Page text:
Buck is not originated from any currency design that features a buck or similar animal and it is used as a slang term for a dollar or similar currency in various nations including Australia, Canada, New Zealand, Sri Lanka, South Africa, Nigeria and the United States.1
The Concise New Partridge Dictionary of Slang and Unconventional English says that buck is originally US but applied in Hong Kong and other countries where dollars are unit of currency. US, 1856.
On the other hand, a coin design (or an animal as a national symbol) can give the slang name to the coin or the currency. For example:
- Kiwi is used as a slang term for New Zealand dollar especially in the context of currency trading because kiwi bird is a national symbol and it is also featured on $1 coin.2
- Loonie is used for Canadian one dollar coin because it features a loon on it.
So, where is buck originated from as a slang term for dollar?
OED says that the origin is obscure and lists the earliest usage below from 1856:
Democratic State Jrnl. (Sacramento, Calif.) 25 July 3/2 Bernard, assault and battery upon Wm. Croft, mulcted in the sum of twenty bucks.
However, there are two leading theories for the origin of buck as a slang term for dollar but there is no consensus on one origin.
1. From poker, where the token in front of the dealer was called a buck whose handle was made of buck horn and it is related to the phrase pass the buck.
Pass the buck is from 1865, said to be poker slang reference to the buck horn-handled knife that was passed around to signify whose turn it was to deal. [Etymonline]
The below excerpt is from the book Poker (By Wikipedians):
The use of other small disks as such markers led to the alternative term "button". Silver dollars were later used as markers and it has been suggested that this is the origin of "buck" as a slang term for "dollar", though by no means is there universal agreement on this subject. The marker is also referred to as "the hat". The origin of this term is believed to stem from the wearing of a hat having been used to denote dealership.
2. From trading, short for buckskin, a common medium of exchange in trading with the Indians.
Meaning "dollar" is 1856, American English, perhaps an abbreviation of buckskin, a unit of trade among Indians and Europeans in frontier days, attested in this sense from 1748. [Etymonline]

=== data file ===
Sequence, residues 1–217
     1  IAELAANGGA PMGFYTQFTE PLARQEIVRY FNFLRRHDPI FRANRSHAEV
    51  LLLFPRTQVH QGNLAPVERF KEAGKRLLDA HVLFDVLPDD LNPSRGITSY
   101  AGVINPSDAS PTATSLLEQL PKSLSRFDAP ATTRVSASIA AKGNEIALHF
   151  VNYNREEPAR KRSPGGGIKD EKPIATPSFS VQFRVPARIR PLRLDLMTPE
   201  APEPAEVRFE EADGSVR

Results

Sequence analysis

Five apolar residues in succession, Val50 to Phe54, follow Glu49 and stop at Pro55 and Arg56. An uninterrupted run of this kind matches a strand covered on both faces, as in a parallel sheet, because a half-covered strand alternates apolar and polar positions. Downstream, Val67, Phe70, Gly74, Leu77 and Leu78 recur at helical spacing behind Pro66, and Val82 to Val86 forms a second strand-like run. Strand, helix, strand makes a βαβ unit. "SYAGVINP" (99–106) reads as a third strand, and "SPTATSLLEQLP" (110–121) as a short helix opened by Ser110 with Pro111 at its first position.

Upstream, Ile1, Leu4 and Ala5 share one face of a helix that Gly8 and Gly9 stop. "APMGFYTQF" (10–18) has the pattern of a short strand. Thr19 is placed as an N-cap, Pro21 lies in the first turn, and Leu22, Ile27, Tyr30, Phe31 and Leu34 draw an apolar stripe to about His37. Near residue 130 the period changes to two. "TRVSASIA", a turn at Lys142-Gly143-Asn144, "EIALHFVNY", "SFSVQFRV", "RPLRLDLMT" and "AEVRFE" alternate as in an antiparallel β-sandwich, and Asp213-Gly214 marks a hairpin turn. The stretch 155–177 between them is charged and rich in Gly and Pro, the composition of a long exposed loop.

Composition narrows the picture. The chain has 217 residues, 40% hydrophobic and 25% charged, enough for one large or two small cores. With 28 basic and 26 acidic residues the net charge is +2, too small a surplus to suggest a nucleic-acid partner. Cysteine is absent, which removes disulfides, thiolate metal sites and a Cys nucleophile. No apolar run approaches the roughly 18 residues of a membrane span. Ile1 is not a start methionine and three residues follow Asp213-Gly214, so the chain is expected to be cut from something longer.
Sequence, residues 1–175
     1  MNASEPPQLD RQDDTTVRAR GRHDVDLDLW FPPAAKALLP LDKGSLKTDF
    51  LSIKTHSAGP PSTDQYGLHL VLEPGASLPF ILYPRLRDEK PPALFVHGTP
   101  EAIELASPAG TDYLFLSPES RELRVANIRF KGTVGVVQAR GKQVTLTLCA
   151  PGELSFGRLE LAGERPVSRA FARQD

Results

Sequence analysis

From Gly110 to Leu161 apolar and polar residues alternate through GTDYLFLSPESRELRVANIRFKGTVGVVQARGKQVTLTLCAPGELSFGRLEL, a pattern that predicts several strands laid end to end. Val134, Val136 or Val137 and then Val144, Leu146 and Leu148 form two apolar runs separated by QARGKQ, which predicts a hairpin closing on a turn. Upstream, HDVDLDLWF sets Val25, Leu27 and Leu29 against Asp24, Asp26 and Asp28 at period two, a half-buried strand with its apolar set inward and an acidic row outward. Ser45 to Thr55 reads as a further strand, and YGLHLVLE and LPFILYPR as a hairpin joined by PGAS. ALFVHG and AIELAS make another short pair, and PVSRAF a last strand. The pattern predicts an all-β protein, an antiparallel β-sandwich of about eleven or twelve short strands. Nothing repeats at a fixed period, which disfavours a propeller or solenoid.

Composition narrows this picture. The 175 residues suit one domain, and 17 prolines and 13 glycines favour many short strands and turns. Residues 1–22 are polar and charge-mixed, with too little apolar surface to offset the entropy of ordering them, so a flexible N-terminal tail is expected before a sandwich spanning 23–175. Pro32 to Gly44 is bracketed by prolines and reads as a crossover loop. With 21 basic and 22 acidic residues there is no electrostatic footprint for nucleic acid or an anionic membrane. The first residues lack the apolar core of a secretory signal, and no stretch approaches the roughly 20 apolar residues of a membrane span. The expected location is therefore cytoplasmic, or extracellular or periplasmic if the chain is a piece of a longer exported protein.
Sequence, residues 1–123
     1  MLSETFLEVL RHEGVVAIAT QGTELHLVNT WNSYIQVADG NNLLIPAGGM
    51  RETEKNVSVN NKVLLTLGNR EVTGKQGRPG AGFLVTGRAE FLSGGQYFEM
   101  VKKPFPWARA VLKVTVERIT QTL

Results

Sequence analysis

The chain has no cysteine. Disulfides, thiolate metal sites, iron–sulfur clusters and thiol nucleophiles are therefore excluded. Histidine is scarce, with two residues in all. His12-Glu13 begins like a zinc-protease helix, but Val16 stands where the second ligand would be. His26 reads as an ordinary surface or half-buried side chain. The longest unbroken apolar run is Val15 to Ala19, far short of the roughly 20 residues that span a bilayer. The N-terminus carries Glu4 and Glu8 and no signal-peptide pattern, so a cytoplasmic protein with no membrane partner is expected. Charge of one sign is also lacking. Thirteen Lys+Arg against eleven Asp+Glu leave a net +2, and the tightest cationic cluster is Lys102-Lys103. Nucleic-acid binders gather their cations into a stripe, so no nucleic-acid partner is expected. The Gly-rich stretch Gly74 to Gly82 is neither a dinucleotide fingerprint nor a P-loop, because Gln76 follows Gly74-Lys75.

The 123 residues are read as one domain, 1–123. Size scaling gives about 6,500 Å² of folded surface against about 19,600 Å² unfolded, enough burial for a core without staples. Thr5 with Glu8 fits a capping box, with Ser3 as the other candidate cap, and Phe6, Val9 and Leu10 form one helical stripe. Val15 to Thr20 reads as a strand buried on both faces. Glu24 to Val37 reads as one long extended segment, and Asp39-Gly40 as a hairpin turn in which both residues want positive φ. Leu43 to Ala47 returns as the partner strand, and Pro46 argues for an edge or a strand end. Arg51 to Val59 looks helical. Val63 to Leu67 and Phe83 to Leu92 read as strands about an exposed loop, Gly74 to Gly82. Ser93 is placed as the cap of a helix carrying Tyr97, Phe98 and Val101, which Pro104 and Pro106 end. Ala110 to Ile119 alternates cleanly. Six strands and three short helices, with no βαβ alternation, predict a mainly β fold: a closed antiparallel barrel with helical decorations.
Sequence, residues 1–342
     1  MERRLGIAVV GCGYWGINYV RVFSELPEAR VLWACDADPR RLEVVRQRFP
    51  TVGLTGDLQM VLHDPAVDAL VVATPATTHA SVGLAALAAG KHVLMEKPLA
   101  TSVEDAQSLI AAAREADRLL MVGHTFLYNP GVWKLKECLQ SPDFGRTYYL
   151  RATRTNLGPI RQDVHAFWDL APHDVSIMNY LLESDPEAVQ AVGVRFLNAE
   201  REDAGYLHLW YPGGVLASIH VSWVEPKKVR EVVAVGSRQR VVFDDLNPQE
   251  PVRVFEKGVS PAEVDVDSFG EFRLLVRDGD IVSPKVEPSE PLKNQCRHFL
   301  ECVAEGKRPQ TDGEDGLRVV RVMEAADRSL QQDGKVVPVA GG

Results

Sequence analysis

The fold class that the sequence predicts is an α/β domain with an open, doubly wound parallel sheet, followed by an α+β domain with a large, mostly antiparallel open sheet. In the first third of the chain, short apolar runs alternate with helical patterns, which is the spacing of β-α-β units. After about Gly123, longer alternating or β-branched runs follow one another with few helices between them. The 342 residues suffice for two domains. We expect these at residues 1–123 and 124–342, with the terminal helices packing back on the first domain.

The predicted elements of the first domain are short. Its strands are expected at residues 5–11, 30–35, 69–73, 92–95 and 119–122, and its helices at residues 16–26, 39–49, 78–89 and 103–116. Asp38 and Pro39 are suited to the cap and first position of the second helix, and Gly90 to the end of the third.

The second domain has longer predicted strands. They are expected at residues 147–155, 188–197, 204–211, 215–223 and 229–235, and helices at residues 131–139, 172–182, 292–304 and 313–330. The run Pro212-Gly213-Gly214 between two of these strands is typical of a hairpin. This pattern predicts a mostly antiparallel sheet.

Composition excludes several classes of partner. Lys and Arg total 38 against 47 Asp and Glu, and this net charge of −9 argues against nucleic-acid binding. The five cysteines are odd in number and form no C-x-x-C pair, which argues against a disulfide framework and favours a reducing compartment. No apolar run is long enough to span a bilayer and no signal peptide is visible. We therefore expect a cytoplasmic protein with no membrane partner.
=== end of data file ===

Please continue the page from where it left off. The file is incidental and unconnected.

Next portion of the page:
The below supporting evidence is from the book Daily Life on the Nineteenth Century American Frontier (By Mary Ellen Jones) and there is even an example usage from 1735:
Beaver skins and buckskins became units of exchange in backcountry areas of the colonies, influencing not only the economy but also the language. In 1735 a trader complained about a clerk who had that day "sold only eight bucks of goods". And in 1748 the Indian Agent Conrad Weiser told Ohio Indians, "Every cask of whiskey shall be sold to you for five bucks in your town" (Furnas,37).
Another supporting evidence from the book America in So Many Words: Words That Have Shaped America (By Allan Metcalf, David K. Barnhart):
The Indians taught the European settlers the value of a buck. In the eighteenth century, that meant a deerskin, used for trading in its own right and as a unit of value for trading anything else. So in 1748, while in Indian territory on a visit to the Ohio, Conrad Weiser wrote in his journal, "He has been robbed of the value of 300 Bucks"; and later, "Every cask of Whiskey shall be sold...for 5 bucks in your town."
Additionally, there is one related origin from Canada where buck is originated from beaver pelt trading and it gave the name to a coin that features a beaver on it:3
King Henry IV of France saw the fur trade as an opportunity to acquire much-needed revenue and to establish a North American empire. Both English and French fur traders were soon selling beaver pelts in Europe at 20 times their original purchase price.
The trade of beaver pelts proved so lucrative that the Hudson's Bay Company honoured the buck-toothed little animal by putting it on the shield of its coat of arms in 1678. Sir William Alexander, who was granted title to Nova Scotia in 1621, had been the first to include the beaver in a coat of arms.
The Hudson's Bay Company shield consists of four beavers separated by a red St. George's Cross and reflects the importance of this industrious rodent to the company. A coin was struck that was equal to the value of one male beaver pelt – it was known as a « buck ».